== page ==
Harshmanites

From Wikipedia, the free encyclopedia - View original article

Church of Jesus Christ (Harshmanites)
Founder
Reverend S.R. Harshman
Regions with significant populations
Illinois, United States
Religions
Christianity
Scriptures
Christian Bible
Languages
English
 
Jump to: navigation, search
Church of Jesus Christ (Harshmanites)
Founder
Reverend S.R. Harshman
Regions with significant populations
Illinois, United States
Religions
Christianity
Scriptures
Christian Bible
Languages
English

The Harshmanites, or the Church of Jesus Christ, is a small Christian sect in Illinois, United States that believes in pacifism. A tenet of the church is that force should not be used, even in self-defense.[1]

The church was founded in the late 1880s.[2] The Reverend S.R. Harshman, who organized the church, had a dairy herd and ran a delivery wagon in Sullivan, Illinois to supply fresh milk for 5 cents a quart.[3] Harshman was a Methodist minister, but did not believe the Methodist church was sufficiently pacifist. For this reason, he founded a separate church.[4] One of the church's basic principles is to follow Christ's command to "love thy neighbor as thyself," and this clearly prohibits violence.[5]

During World War I there was so much hostility to the church that its members could not find jobs. Some of them formed a small factory, employing church and non-church workers, that made ladies' aprons, candy, and later branched into garden tractors and tools.[6] One night the Harshmanite church was painted yellow, a reference to cowardice. An 82-year-old assistant minister was knocked down. However, the Harshmanites would not prosecute. They believed in the biblical statement: "Revenge is mine, sayeth the Lord."[4]

In response to the depression of the 1930s, the church members felt that Federal relief projects would not bring lasting prosperity. They expanded their "Community Industries" as a way to provide employment.[3] During World War II the candy operation was unable to obtain sugar unless it agreed to sell some of its products to the armed forces, and a small amount was sold to the Air Force to be including in emergency survivor kits. The church also sold ladies dresses for use by women in the Armed Forces.[6] For these reasons, the United States Court of Appeals for the Seventh Circuit decided on 9 December 1954 that the church had contributed to the war effort and its members could therefore not be considered conscientious objectors.[6] This was later reversed, and members of the church who refused induction into the armed forces were again treated as Conscientious Objectors.[7]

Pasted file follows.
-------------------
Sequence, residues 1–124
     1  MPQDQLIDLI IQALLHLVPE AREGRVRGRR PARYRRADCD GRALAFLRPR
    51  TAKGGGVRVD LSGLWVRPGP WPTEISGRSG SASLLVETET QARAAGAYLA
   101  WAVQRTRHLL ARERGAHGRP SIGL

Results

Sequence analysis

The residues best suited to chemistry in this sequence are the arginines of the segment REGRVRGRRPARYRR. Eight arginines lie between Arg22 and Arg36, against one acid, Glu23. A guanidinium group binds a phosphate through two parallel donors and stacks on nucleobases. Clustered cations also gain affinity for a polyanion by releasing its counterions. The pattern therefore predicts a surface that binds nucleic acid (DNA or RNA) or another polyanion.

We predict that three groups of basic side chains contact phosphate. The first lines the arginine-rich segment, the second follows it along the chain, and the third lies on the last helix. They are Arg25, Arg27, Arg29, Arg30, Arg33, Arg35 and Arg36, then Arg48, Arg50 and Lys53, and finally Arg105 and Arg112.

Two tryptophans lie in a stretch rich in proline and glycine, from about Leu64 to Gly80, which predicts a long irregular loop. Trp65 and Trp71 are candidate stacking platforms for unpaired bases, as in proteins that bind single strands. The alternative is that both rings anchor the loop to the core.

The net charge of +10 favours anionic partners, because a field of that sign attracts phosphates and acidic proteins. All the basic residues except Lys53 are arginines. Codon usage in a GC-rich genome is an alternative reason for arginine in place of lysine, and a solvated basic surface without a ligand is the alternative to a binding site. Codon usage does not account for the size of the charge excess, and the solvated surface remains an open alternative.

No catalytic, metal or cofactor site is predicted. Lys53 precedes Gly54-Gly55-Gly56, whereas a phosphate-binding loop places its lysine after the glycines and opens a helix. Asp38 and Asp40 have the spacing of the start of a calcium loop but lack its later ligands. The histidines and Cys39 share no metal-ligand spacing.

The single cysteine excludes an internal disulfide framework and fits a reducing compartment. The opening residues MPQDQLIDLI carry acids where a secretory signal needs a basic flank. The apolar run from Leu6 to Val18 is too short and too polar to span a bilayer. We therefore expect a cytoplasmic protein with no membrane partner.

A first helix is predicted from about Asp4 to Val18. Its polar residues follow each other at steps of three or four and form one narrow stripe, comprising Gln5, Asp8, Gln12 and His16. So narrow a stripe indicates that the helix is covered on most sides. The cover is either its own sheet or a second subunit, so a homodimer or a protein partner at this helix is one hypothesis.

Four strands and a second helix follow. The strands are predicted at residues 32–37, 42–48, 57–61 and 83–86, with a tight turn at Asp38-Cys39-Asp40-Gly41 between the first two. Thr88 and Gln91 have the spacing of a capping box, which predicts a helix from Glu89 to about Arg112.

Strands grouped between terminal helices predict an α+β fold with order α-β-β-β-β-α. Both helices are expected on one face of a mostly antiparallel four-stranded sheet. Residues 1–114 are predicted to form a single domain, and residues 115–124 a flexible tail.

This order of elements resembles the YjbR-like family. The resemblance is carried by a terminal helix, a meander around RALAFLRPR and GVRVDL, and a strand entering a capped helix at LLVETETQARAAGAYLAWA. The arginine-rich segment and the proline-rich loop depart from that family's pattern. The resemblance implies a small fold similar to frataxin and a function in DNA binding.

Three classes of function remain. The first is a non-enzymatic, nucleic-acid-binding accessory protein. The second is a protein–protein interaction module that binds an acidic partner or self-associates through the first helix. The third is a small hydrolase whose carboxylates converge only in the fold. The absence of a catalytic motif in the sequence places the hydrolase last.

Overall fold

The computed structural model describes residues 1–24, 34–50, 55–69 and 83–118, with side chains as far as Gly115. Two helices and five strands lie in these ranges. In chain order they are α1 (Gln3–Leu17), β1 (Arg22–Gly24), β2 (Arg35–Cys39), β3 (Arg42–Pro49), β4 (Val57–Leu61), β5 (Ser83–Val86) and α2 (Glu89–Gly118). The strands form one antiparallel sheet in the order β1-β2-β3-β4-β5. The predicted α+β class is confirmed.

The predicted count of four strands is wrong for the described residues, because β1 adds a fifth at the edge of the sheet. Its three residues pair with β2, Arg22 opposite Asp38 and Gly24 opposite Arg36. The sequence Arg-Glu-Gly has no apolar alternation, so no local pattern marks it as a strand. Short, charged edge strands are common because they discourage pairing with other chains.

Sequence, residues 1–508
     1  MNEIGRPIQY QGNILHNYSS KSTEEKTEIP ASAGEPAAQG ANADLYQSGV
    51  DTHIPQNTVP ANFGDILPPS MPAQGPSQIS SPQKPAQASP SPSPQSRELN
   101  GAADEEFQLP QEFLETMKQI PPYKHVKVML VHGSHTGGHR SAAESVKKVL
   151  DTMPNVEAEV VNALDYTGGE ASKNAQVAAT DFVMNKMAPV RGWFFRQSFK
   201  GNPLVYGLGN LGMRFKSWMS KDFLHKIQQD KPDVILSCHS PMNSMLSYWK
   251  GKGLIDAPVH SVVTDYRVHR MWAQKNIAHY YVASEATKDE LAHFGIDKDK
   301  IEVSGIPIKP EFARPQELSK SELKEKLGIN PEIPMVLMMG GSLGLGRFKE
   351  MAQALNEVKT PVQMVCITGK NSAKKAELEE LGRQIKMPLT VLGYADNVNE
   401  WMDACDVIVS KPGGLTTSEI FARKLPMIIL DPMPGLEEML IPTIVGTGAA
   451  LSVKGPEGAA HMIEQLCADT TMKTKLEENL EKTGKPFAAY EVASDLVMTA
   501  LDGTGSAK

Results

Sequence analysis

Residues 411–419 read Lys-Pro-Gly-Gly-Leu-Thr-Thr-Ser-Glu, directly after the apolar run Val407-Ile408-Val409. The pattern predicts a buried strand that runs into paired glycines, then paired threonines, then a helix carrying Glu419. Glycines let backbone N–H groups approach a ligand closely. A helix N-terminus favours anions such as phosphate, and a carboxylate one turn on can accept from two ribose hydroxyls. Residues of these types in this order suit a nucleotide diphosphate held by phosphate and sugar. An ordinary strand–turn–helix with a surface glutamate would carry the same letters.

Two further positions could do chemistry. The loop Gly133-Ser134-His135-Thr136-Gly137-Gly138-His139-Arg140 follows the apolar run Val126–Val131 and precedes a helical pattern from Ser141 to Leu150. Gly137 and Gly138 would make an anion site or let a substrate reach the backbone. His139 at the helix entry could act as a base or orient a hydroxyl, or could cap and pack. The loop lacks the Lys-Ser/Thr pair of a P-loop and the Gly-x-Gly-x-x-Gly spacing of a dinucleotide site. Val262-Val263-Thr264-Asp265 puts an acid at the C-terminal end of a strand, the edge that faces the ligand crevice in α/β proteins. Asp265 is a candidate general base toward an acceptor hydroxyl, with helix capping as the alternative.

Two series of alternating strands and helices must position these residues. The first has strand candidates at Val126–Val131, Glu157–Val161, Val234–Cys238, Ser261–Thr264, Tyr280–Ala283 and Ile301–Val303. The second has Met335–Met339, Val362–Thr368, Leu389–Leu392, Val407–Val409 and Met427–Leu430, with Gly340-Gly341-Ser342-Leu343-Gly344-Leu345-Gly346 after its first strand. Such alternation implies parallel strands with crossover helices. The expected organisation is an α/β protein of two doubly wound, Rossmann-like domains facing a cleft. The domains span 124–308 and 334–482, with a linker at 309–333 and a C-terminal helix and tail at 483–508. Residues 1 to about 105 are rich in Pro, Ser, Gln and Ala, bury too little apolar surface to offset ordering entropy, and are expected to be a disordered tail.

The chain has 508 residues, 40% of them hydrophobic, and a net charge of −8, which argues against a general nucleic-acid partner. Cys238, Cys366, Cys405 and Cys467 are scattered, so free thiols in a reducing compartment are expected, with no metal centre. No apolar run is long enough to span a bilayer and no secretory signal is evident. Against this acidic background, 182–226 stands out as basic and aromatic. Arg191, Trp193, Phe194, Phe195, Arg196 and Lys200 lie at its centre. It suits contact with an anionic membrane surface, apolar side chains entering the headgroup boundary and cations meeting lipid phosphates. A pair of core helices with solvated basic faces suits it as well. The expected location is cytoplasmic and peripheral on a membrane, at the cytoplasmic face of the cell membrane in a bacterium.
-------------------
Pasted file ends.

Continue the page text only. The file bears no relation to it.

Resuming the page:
In 1955 a member of the church declined to use the word "solemnly" in affirming to tell the truth in court. The court refused his testimony. However, an appeals court found that he was not required to use this word, or any particular form of oath, but only "a form or statement which impresses upon the mind and conscience of a witness the necessity for telling the truth."[8]

By 1973 "Community Industries" enterprise had 475 employees making dresses, candy, and lawn and garden equipment.[3]

References[edit]

Citations

Sources